Out of enthusiasm, a Militia soldier abandons his platoon and decides to fight for the cause of the Revolution. His Lieutenant and the rest of the crew look for him during the confused night of 22-23 December 1989.
On his spring break at the seaside, with his wife and his four year old son, Bogdan Ciocazanu runs into his best friends from high-school at the precise date and time that reminds all of ... See full summary »
In 1911-12, the Romanian movie director Grigore Brezianu and the financial tycoon Leon Popescu made together the 2 hours long movie "Romania's Independence" - an as faithful as possible ... See full summary »
Marius Florea Vizante,
Occident is a bittersweet comedy that focuses on the growing tendency of Eastern European youth to migrate west. When the amicable Luci (Alexandru Papadopol) and his beautiful lover Sorina ... See full summary »
In 1999, during the Kosovo War,a train carrying NATO equipment, escorted by American Marines with Captain Doug Jones in command, is held back in Capalnita, a Romanian godforsaken village, by Doiaru, the station master, who blocks the train over a paperwork technicality. For five days the villagers try to take advantage of the Americans' unexpected presence. The mayor, for instance, organizes a celebration in their honor. On the other hand, sergeant David McLaren, Jones's second in command, falls in love with Monica, the crafty's station master's daughter, who dreams of a better world... And what about the Marines' initial mission?Written by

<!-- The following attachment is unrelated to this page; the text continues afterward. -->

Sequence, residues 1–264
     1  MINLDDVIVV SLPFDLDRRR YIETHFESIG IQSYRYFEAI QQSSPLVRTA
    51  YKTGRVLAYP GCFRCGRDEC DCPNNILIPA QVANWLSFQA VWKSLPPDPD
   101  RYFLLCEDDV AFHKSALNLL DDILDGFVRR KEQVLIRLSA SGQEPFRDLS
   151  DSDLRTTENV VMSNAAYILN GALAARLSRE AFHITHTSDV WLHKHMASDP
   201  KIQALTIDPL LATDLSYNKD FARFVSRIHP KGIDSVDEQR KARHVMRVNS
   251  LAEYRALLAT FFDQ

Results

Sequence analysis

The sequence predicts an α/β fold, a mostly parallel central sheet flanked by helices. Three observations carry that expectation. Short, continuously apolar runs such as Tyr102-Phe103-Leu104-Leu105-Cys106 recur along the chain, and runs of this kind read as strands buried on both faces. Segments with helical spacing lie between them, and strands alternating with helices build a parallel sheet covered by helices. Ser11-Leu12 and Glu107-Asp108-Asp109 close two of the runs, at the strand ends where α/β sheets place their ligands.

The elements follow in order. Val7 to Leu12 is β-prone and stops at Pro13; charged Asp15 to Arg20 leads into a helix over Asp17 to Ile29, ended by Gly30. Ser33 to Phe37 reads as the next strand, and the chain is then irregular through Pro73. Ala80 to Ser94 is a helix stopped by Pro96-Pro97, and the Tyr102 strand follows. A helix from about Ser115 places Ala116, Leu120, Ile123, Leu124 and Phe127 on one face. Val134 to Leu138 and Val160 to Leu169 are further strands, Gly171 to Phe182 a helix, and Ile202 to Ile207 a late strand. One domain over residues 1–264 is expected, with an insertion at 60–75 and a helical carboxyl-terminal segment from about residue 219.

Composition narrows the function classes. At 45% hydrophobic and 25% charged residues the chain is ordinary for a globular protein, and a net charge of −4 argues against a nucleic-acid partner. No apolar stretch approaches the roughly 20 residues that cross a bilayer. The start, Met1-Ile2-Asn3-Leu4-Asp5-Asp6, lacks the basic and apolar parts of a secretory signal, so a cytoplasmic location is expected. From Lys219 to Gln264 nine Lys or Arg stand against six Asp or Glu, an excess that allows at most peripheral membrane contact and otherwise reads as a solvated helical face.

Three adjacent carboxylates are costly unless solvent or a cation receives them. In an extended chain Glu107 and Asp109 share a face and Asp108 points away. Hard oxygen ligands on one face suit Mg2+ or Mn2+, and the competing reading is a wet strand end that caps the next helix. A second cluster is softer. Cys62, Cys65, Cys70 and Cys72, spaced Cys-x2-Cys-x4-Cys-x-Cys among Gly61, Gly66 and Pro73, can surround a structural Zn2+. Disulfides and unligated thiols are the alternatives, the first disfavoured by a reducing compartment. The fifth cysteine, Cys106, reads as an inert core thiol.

Great movie but a stereotypical approach of the Balkans
In artistic terms the movie is great. The story is superb, the acting is excellent too. Nevertheless there is an issue that should be taken into account when a director decides to make a movie with an eastern European setting. Films like the ones directed by Emir Kusturica or Nae Caranfil and now by Nemescu reveal and insist on revealing only one side of the Balkans. This facet is often exaggerated for artistic purposes and while it identifies the Balkans in certain aspects, it can also be very hazardous on the longer term. The Romanian, Serbian or Bulgarian societies are certainly more complex than the instances and the characters depicted in "White cat, black cat", "Philantropica" or "California Dreamin'". This picturesque facet constantly addressed by film makers represents a reality of the region but should not be generalized. This is the hazard of making such movies. Westerners and Americans, not very accustomed to the history and the society of the Eastern Europe might reduce them to this narrow view: gypsies, easy and shallow girls, the general poverty and corruption and a scene populated by low-lifes and scums. Everyone seeing this film should enjoy it for what it is, but should also keep in mind that, although true at a certain level, Romania means more than that.
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